[Python-Dev] Switch statement
bjourne at gmail.com
Mon Jun 26 03:10:22 CEST 2006
On 6/23/06, Edward C. Jones <edcjones at comcast.net> wrote:
> Python is a beautiful simple language with a rich standard library.
> Python has done fine without a switch statement up to now. Guido left it
> out of the original language for some reason (my guess is simplicity).
> Why is it needed now? What would be added next: do while or goto? The
> urge to add syntax should be resisted unless there is a high payoff
> (such as yield).
> There are much better ways for the developers to spend their time and
> energy (refactoring os comes to mind).
> Please keep Python simple.
> -1 on the switch statement.
I agree. IMHO switch is a useless statement which can cause many
problems in any language. It misleads programmers to dispatch in the
wrong way. If you have switch with < 5 cases, an if-elif chain fits
just fine. If the switch is larger use a dictionary that maps values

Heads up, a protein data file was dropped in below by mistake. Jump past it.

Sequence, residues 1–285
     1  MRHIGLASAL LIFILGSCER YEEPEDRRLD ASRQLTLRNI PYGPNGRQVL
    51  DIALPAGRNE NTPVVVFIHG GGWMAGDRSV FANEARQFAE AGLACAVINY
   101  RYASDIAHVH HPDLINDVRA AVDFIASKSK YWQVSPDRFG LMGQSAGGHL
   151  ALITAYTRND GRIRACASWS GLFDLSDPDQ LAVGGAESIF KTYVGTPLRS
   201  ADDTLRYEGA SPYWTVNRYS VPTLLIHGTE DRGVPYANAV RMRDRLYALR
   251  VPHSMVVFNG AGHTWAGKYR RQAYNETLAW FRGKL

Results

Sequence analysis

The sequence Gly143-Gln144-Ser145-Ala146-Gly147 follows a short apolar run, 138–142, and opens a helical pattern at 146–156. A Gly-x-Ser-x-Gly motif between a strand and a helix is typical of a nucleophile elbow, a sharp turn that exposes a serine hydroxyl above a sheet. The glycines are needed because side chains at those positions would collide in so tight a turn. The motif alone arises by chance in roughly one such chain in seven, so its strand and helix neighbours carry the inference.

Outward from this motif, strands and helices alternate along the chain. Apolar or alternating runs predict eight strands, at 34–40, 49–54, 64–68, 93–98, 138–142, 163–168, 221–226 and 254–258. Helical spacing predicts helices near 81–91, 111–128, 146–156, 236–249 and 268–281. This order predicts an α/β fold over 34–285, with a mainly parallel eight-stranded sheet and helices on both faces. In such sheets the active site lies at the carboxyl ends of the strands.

to functions. In C, many times a switch block starts small (40 lines)
but grows as the number of values to dispatch on increases. Soon it
becomes a 500 line monstrosity that is impossible to refactor because
variables from the enclosing space is used frivolously.
I don't get the speed argument either. Who cares that if-elif-chains
are O(n) and switch O(1)? If n > 10 you are doing something wrong
anyway. I don't think I have ever seen in any language a switch
construct that, barring speed concerns, wouldn't be better written
using any other dispatch mechanism than switch.
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